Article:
ChatGPT gets schooled by Princeton University

Jan 8, 2023
Updated • Jan 7, 2023
Apps, Software

At this point, we’re all at least a little bit familiar with ChatGPT, the large language model developed by OpenAI to increase productivity and provide a little laugh every now and then. What you may not know, is that people are using this language model to cheat on college assignments and work projects. No judgement, this is an incredible tool, and we may be looking at the future of productivity and information transmission. However, a student at Princeton University has decided to take ChatGPT to task by creating his own tool. 

The new utility is called GPTZero, and it was created by Princeton student Edward Tian. Tian has already posted numerous proof-of-concept videos that seek to demonstrate the capabilities of this new tech. The first demonstration involved GPTZero determining that a particular article on the New Yorker was written by a human. It then took its skills to LinkedIn, where it verified that a particular post had been created with ChatGPT. Tian posted his findings regarding the LinkedIn post with a short caption: ‘here's a demo with @nandoodles's Linkedin post that used ChatGPT to successfully respond to Danish programmer David Hansson's opinions.’

According to Tian, he was motivated purely by academia and its usually infallible nature. He didn’t like the idea that students were using ChatGPT to commit what he termed ‘AI plagiarism.’ Tian posted a short tweet elaborating on his concerns wherein he stated that he thought it was unlikely ‘that high school teachers would want students using ChatGPT to write their history essays.’

ChatGPT gets schooled by Princeton University

These are valid concerns that the creators of ChatGPT share. OpenAI is, at this moment, working on a watermark to instantly show whether or not something was generated using ChatGPT, but it isn’t ready yet. 

We won’t know how effective Tian’s utility is until it’s tested out in the field properly. The reality is that so many of these utilities that claim to be able to detect AI in written works simply do not work. I recently explored a few of these utilities myself, and the results were frankly shocking. I used two pieces of text; one that I had written myself, and one generated by ChatGPT. Running both texts through so-called AI detectors revealed that while these utilities were able to pick out the AI 100% of the time, my own original work came back as written by AI as well.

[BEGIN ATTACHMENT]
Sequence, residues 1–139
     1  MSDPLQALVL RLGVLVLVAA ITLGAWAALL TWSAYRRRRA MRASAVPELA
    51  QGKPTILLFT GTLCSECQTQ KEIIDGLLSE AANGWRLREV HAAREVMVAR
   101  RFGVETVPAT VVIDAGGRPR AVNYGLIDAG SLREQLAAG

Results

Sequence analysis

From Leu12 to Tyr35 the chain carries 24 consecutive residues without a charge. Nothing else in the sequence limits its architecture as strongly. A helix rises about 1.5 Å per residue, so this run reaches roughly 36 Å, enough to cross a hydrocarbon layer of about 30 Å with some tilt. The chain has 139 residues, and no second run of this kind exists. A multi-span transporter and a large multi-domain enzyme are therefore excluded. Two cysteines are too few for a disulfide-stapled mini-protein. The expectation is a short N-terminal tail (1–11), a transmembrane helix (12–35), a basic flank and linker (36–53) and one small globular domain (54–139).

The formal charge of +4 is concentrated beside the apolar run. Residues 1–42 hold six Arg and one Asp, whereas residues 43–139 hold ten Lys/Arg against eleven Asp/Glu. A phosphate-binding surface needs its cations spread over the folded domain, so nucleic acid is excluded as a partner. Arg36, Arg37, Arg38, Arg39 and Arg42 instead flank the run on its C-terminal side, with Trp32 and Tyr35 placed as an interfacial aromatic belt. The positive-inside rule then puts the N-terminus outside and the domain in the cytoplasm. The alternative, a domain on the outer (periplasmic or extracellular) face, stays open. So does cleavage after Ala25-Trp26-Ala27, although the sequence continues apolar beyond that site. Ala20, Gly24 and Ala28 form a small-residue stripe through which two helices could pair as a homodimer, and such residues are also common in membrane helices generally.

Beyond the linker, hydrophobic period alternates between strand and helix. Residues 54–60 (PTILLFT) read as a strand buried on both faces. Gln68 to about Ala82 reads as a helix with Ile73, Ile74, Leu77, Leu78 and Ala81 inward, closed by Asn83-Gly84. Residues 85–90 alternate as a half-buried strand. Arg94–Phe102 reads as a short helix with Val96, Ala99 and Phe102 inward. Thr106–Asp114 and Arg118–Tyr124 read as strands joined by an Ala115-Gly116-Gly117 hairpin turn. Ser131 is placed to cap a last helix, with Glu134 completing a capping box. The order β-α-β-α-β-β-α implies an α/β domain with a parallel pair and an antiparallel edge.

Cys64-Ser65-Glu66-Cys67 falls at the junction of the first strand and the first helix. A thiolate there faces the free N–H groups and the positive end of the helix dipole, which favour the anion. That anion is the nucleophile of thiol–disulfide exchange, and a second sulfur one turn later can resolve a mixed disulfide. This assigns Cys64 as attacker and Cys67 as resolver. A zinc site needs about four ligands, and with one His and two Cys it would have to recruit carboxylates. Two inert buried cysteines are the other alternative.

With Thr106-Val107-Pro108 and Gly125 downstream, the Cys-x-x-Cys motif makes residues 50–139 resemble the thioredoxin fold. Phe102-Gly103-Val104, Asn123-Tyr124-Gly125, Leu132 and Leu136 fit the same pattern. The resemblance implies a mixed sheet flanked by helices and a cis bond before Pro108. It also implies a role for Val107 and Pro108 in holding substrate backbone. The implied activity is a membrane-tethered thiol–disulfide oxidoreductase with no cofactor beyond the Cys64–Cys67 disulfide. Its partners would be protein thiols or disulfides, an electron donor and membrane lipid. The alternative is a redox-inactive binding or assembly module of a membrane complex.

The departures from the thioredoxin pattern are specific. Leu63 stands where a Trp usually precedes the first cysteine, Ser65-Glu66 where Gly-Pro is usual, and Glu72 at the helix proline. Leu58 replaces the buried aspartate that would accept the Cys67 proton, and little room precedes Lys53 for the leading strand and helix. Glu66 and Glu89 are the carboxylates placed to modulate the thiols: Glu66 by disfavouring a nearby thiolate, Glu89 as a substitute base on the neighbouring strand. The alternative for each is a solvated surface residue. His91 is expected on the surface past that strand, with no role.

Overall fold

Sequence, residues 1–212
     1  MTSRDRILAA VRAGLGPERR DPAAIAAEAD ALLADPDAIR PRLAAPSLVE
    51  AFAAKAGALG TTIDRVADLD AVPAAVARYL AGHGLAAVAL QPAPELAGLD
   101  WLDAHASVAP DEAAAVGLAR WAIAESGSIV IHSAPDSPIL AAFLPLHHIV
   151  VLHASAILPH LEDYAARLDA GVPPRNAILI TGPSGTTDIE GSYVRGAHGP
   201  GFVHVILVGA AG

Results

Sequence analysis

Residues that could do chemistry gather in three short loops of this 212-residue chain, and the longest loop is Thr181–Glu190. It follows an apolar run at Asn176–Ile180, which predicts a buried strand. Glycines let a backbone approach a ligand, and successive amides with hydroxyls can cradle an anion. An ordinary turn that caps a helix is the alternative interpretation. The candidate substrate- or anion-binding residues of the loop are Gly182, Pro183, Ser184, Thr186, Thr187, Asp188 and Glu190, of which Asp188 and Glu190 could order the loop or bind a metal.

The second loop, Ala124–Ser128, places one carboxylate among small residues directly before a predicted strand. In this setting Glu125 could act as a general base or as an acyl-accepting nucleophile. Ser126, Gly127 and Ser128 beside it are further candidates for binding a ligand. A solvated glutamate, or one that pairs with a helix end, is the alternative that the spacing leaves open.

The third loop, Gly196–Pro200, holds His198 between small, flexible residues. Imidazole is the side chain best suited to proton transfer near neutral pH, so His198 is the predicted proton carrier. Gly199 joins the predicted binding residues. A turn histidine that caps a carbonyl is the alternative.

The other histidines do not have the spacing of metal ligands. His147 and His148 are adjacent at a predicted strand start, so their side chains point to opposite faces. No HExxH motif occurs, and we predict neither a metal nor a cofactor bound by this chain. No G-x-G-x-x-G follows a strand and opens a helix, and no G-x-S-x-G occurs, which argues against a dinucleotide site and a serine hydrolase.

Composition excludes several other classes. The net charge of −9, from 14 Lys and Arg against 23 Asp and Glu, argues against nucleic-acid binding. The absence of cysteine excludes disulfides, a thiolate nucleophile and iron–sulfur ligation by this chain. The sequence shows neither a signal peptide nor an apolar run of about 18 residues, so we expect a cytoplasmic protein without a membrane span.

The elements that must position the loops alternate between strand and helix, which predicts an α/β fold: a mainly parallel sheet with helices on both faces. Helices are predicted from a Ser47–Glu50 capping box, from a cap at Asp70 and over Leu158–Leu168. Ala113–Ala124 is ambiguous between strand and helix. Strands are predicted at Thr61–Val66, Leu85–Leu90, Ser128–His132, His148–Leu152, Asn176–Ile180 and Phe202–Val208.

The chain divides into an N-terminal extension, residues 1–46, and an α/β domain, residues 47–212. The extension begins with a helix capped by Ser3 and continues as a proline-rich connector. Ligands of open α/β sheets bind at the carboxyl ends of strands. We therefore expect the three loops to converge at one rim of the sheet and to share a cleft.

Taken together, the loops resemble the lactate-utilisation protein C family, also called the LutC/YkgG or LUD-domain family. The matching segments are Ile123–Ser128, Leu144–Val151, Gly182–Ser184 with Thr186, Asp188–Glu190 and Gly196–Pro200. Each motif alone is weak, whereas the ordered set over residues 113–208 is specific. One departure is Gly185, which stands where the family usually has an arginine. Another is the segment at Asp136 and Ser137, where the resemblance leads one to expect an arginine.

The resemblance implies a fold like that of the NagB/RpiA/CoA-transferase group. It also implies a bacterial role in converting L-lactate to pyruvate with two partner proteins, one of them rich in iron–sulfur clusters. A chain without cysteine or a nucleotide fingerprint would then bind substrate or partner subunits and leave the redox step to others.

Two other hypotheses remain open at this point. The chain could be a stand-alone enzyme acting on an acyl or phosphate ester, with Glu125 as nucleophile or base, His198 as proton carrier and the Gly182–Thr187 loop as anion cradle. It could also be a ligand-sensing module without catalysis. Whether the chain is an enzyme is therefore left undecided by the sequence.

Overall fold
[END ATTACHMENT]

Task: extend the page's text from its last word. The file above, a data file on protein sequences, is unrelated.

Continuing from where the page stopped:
The problem is this; in this day and age, any written content posted to the internet has to conform to SEO standards. These search engine optimization standards are set up by algorithms to make works attractive to other algorithms. While university assignments aren’t in this same class of writing, humans are still taught every single day to write like computers. The more we have to implement SEO in our writing, the less ‘human’ it becomes. 

In closing, we’re never going to be able to launch a flawless AI detector because we humans ourselves are programming ourselves and each other to write, act, and think like algorithms. The monsters that brilliant minds like Tian want to decimate are, unfortunately, humans.


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  1. bruh said on August 18, 2023 at 1:25 pm

    Uhh, this has already been possible – I am not sure how but remember my brother telling me about it. I’m not a whatsapp user so not sure of the specifics, but something about sending the image as a file and somehow bypassing the default compression settings that are applied to inbound photos.

    He has also used this to share movies to whatsapp groups, and files 1Gb+.

    Like I said, I never used whatsapp, but I know 100% this isn’t a “brand new feature”, my brother literally showed me him doing it, like… 5 months ago?

  2. 💥 said on August 18, 2023 at 3:55 pm